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Opinion The timeless truth Ketanji Brown Jackson said out loud

Dr. Patrick Jackson and daughter Leila Jackson, share a glance as Supreme Court nominee Ketanji Brown Jackson, left, testifies during her confirmation hearing on March 23. (Jabin Botsford/The Washington Post)

She said the quiet part out loud.

In an opening statement before more cameras than she had probably ever faced, Judge Ketanji Brown Jackson took a deep breath Monday and explained that she was “saving a special moment in this introduction for my daughters.” With her girls seated behind her, she said, “I know it has not been easy as I have tried to navigate the challenges of juggling my career and motherhood. And I fully admit that I did not always get the balance right. But I hope that you have seen that with hard work, determination, and love, it can be done.”

I’m fairly certain womenfolk everywhere saw themselves in that statement and felt something deep inside their souls.

With a lifetime appointment to the highest court within her sights, Jackson put the spotlight on the constant fear that, as a mother, you’re not getting it right. She gave voice to that gnawing worry that lives inside so many of us, that if anyone looked too closely behind the veneer of an orderly life, they might see something a little more raggedy around the edges.

That it was part of her prepared statement makes this even more remarkable. She chose to bring the sometimes rickety confidence of a working woman’s psyche into a hearing room dominated by men who probably never figured out the schedules for snack week, music lessons or dental cleanings.

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Women everywhere, whether they work outside the home or full time at home keeping it all intact, wrestle with the concern that the idealized standard of motherhood might be just beyond their reach. But here’s the thing: They rarely say that out loud.

That’s because the people who depend on (or marvel at) your ability to juggle ten thousand things need to know that you can step into each day with a confidence so glistening that it’s contagious.

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You don’t admit that the juggling is hard, because you might let down the sisterhood if you can’t fly the flag for supreme efficiency.

You don’t “fully admit that I did not always get the balance right,” because copping to one’s missteps on the balance beam means others might falter now and then, too. Or, worse, that someone could use your candor as a cudgel in an unsuspecting moment down the road. With all due respect, you said yourself you didn’t always get the balance right.

But by speaking honestly about the challenges of navigating career and motherhood, Jackson has made her own contribution to the arsenal of truth. Women need to chip away at the ridiculous idea that motherhood is an exercise in perfection. Giving your best self to your loved ones and your job is the goal — and both are laudable.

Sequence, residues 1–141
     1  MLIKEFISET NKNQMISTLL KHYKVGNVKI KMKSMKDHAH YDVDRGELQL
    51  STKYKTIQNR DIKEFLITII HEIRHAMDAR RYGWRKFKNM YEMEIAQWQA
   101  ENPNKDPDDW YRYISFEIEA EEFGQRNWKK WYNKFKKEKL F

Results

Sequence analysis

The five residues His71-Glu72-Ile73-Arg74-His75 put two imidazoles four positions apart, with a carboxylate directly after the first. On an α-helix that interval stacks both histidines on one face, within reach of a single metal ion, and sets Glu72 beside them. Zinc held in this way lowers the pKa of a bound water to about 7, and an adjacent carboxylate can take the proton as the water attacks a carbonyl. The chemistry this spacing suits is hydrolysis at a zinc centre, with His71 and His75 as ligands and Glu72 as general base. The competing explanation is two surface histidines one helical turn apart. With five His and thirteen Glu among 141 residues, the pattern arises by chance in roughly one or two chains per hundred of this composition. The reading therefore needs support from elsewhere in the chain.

But giving your best self on that particular day is the reality. And recognizing that your best self on any particular day is not the same thing as it was yesterday or tomorrow or on that lucky day when the planets all line up in your favor is the gift women must give themselves every day.

When Sen. Cory Booker (D-N.J.) asked her to expound on her motherhood mea culpa toward the end of the second day of testimony, Jackson talked of early mornings and late nights and what it meant when there were judicial hearings during a daughter’s recital and courtroom duties that collided with birthday celebrations. Her ambitions meant she was absent, and you could see how much that hurt. She said she hoped her daughters would see her ascent to the high court as proof “that you don’t have to be perfect in your career trajectory and you can still end up doing what you want to do.”

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Though Jackson talked about “balance” in her mea culpa, we would do well to shift away from that language. Balance is a mirage from almost every angle; women earn less for comparable work on the job and are still responsible for the bulk of household duties whether they work in or outside the home. This holds true even as more men shoulder a broader range of parental duties. Balance is unrealistic. It’s just a cruel invitation to failure.

Let’s instead view this never-ending challenge as a “journey” with ups and downs and twists and turns and no fixed end point. Because even when the kids are grown, we’re still figuring out whether we gave them our best selves.

This puzzle has no easy answer, and it never fully recedes, because the journey is long and magnificent and, yes, complicated. And if Judge Jackson can admit that under the glare of national klieg lights, more women may be empowered to follow her lead and know that if you’re doing your best, you’re doing enough.